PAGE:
12:01 AM, May 20, 2014 / LAST MODIFIED: 01:53 AM, March 08, 2015

Congress keeps trust in Gandhis

Congress keeps trust in Gandhis

Rejects 'resignation offer' made by Sonia, Rahul taking responsibility for polls debacle
Our Correspondent, New Delhi

Having suffered the worst electoral defeat in the Lok Sabha polls, Congress chief Sonia Gandhi and her son Rahul yesterday “offered to resign” from the party taking moral responsibility but it was rejected by the party's highest decision-making forum.
A meeting of the Congress Working Committee (CWC), where Sonia and Rahul were understood to have made the offer, however, passed a resolution expressing full faith in their leadership.
"We will fight under the leadership of Rahul Gandhi", party spokesperson Raj Babbar said.
The CWC, which met here yesterday to discuss the party's drubbing in the elections, authorised Sonia to draw up a roadmap for the party's political recovery, party sources said.  

Congress crashed to its worst-ever defeat last week, securing just 44 seats in the 543-member Lok Sabha in the elections which saw Bharatiya Janata Party (BJP) storming back to power with a comfortable majority for the first time in 30 years.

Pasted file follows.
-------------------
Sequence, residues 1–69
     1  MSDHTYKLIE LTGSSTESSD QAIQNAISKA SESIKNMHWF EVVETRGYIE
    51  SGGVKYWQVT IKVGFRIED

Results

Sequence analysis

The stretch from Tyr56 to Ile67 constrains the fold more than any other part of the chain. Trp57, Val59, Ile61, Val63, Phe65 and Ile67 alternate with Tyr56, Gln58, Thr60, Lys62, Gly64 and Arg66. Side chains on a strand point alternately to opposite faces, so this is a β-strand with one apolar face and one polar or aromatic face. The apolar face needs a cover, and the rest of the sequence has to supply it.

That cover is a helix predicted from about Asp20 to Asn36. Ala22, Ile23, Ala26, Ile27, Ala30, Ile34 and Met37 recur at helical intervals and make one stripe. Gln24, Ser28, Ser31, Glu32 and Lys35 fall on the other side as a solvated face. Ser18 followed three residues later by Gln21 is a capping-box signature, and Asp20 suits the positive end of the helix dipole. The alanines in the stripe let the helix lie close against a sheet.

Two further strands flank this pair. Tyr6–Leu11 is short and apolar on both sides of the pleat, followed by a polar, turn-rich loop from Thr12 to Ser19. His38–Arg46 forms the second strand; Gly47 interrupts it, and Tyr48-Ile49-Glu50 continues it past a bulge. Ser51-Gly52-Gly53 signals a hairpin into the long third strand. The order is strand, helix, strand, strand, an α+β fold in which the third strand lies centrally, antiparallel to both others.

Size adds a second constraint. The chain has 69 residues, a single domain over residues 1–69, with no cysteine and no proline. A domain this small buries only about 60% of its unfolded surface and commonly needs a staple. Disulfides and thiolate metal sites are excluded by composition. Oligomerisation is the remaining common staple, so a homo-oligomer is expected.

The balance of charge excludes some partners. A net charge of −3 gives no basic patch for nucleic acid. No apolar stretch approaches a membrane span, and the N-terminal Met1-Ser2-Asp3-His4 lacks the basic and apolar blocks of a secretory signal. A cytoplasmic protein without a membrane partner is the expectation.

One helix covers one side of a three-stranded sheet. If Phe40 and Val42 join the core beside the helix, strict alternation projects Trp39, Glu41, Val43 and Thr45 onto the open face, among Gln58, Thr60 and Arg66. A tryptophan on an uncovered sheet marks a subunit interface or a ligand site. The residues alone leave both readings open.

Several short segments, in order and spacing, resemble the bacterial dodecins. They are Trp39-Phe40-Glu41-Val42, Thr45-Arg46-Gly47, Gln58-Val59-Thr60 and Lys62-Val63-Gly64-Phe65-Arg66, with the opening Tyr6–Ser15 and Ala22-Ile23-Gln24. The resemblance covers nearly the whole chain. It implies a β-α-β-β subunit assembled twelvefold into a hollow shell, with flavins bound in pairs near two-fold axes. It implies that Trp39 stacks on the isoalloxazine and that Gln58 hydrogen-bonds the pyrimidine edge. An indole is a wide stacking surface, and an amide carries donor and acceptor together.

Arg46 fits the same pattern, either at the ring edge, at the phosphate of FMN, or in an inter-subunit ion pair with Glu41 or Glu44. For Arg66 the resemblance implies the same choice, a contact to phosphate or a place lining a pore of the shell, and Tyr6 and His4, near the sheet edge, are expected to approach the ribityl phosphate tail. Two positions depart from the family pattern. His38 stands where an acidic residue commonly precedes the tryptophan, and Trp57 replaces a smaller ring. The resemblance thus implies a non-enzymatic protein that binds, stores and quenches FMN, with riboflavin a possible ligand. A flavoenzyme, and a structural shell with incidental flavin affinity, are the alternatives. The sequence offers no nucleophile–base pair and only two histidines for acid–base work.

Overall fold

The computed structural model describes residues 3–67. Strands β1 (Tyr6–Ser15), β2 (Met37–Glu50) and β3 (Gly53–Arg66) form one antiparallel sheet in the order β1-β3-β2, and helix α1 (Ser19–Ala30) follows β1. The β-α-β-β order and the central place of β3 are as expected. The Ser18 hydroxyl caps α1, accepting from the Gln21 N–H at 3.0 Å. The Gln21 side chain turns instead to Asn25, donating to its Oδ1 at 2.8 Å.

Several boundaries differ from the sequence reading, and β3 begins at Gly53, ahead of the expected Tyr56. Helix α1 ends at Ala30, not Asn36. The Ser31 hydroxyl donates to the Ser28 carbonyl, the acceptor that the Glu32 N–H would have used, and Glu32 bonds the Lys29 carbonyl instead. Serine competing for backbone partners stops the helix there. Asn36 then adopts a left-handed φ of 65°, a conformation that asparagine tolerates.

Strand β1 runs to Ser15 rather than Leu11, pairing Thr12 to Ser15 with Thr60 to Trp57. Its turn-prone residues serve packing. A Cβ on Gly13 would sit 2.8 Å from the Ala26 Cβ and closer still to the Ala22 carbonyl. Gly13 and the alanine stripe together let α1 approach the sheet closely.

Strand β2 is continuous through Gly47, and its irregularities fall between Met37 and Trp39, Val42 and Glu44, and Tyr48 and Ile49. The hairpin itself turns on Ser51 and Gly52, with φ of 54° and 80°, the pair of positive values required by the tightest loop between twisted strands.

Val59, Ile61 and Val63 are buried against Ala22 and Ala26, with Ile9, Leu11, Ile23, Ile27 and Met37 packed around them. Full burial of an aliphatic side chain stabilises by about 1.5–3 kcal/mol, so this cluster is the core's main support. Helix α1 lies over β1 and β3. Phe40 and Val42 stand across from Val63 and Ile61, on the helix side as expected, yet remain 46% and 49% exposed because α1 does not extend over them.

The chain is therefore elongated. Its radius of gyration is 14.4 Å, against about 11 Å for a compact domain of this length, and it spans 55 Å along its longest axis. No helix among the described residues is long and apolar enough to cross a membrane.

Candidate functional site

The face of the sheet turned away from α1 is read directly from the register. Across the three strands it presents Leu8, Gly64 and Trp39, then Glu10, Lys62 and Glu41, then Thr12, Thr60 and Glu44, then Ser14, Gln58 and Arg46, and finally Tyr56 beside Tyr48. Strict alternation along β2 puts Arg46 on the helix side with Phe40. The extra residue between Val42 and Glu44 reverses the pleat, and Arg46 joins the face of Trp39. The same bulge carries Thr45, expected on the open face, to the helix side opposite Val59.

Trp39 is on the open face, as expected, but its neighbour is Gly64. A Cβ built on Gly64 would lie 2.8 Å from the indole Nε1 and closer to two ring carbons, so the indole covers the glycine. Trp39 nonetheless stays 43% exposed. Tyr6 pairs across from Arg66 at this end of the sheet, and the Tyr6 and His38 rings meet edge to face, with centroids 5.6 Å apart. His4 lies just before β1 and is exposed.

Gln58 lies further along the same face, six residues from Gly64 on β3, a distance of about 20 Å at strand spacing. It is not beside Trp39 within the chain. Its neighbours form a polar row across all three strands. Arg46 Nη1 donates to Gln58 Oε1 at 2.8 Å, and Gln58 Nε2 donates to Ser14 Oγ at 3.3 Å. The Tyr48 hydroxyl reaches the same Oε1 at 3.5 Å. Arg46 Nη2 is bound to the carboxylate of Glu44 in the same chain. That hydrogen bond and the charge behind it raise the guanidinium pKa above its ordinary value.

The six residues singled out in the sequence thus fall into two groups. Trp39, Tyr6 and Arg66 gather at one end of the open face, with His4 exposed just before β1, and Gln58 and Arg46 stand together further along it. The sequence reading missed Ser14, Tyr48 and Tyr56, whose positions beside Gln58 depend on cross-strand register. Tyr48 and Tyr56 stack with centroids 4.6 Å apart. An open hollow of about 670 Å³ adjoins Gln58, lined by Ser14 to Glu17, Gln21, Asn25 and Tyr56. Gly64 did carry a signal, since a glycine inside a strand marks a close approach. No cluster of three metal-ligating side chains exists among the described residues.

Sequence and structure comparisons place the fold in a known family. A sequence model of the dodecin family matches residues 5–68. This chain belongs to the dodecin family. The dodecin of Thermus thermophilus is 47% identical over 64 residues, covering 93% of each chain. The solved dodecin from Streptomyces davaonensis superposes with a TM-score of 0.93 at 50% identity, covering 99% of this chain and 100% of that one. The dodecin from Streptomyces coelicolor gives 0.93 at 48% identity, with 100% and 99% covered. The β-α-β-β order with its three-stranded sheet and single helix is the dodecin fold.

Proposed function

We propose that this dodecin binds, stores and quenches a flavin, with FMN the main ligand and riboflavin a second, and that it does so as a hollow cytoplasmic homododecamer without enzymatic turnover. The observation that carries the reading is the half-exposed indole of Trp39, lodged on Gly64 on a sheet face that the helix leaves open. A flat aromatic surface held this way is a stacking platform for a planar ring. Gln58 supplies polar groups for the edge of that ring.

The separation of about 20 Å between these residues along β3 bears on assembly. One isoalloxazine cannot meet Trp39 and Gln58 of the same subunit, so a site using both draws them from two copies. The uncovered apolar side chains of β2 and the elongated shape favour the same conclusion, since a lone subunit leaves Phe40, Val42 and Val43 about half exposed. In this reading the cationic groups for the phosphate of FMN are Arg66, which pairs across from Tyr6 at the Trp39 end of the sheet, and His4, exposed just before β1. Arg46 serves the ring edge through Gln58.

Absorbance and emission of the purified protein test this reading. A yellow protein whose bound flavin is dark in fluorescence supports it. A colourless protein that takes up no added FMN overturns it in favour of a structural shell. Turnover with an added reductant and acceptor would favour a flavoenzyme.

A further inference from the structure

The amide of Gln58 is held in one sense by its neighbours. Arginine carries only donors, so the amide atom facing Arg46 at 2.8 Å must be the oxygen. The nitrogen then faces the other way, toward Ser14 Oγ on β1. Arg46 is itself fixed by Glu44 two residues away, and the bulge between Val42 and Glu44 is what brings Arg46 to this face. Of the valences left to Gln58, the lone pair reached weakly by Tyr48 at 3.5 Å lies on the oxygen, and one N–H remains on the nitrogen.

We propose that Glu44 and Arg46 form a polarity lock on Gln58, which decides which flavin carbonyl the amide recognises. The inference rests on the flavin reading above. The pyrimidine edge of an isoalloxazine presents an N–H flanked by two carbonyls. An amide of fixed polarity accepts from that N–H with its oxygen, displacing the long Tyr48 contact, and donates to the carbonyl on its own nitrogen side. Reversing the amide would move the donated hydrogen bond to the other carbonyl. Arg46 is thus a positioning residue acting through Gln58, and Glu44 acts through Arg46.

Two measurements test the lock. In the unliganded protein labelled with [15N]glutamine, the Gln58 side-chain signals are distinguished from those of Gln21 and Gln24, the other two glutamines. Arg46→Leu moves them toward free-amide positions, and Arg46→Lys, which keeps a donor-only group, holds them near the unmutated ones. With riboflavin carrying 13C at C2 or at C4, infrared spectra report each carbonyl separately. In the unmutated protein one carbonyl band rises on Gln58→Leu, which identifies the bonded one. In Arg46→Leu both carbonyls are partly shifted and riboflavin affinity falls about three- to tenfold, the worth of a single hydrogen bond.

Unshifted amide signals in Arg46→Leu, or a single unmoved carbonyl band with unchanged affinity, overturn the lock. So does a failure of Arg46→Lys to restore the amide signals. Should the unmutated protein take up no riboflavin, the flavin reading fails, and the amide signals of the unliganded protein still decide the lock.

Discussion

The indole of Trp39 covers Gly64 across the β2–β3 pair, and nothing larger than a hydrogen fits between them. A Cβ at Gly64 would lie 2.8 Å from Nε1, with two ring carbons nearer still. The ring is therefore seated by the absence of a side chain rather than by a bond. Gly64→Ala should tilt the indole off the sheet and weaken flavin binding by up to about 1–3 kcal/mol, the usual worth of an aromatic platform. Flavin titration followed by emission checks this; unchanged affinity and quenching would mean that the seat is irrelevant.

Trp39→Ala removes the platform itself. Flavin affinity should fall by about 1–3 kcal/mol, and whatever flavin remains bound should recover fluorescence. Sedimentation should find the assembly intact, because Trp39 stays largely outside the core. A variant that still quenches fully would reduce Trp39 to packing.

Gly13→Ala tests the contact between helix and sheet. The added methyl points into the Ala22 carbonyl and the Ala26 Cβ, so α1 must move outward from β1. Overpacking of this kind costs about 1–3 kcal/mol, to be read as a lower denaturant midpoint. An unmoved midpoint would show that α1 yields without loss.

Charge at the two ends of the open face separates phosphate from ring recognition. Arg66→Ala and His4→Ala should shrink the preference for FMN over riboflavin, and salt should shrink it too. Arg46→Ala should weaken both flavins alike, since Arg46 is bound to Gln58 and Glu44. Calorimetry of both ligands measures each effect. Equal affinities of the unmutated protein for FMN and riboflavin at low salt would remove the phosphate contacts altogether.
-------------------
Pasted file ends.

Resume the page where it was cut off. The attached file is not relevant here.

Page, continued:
Outgoing Prime Minister Manmohan Singh told the CWC meeting that the resignation of Sonia Gandhi and Rahul Gandhi are no solution to the problems faced by the party.
Another senior Congress leader from Punjab state, who attended the CWC meeting, said "they (Sonia and Rahul) are the best leadership we have. It was a collective responsibility".         The Indian media have already been abuzz with reports that Sonia, 67, and Rahul, 43, would offer to step down but their resignation would almost certainly be rejected by colleagues.
Rahul was seen having run a listless campaign of Congress which was seeking a third conseuctive term in power.
The media also carried reports about speculation that senior Congress leaders would press for a greater role in the party for Rahul's younger sister Priyanka who had entered campaigning late in the election cycle but was stated to have fared better than her brother.
"Where does the question of either the Congress president or vice president resigning even arise?" outgoing Congress minister Manish Tiwari told the CNN-IBN channel today.
"It is a collective responsibility for all of us as a whole," he added.
Congress' defeat came in the backdrop of economic slowdown, rising food prices and a slew of corruption scandals for the last five years.



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